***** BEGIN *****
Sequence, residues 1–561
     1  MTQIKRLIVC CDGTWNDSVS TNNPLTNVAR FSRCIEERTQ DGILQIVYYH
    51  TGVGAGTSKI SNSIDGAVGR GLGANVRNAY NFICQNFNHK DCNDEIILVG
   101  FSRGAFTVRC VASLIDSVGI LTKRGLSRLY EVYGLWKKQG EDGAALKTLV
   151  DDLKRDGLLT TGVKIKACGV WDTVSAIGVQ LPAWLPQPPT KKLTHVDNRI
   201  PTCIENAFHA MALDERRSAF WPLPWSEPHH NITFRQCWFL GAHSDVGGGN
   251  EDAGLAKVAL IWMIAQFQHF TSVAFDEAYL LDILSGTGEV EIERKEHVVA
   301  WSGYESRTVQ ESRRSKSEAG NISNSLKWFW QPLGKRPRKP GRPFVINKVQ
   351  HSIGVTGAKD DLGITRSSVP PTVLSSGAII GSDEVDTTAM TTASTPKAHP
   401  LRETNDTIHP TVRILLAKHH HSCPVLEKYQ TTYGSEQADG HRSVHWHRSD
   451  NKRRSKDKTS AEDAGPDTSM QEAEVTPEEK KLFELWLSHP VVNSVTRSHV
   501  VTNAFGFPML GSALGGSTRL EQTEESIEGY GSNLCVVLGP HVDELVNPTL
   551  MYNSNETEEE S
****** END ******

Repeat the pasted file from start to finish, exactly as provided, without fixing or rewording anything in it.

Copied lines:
Sequence, residues 1–561
     1  MTQIKRLIVC CDGTWNDSVS TNNPLTNVAR FSRCIEERTQ DGILQIVYYH
    51  TGVGAGTSKI SNSIDGAVGR GLGANVRNAY NFICQNFNHK DCNDEIILVG
   101  FSRGAFTVRC VASLIDSVGI LTKRGLSRLY EVYGLWKKQG EDGAALKTLV
   151  DDLKRDGLLT TGVKIKACGV WDTVSAIGVQ LPAWLPQPPT KKLTHVDNRI
   201  PTCIENAFHA MALDERRSAF WPLPWSEPHH NITFRQCWFL GAHSDVGGGN
   251  EDAGLAKVAL IWMIAQFQHF TSVAFDEAYL LDILSGTGEV EIERKEHVVA
   301  WSGYESRTVQ ESRRSKSEAG NISNSLKWFW QPLGKRPRKP GRPFVINKVQ
   351  HSIGVTGAKD DLGITRSSVP PTVLSSGAII GSDEVDTTAM TTASTPKAHP
   401  LRETNDTIHP TVRILLAKHH HSCPVLEKYQ TTYGSEQADG HRSVHWHRSD
   451  NKRRSKDKTS AEDAGPDTSM QEAEVTPEEK KLFELWLSHP VVNSVTRSHV
   501  VTNAFGFPML GSALGGSTRL EQTEESIEGY GSNLCVVLGP HVDELVNPTL
   551  MYNSNETEEE S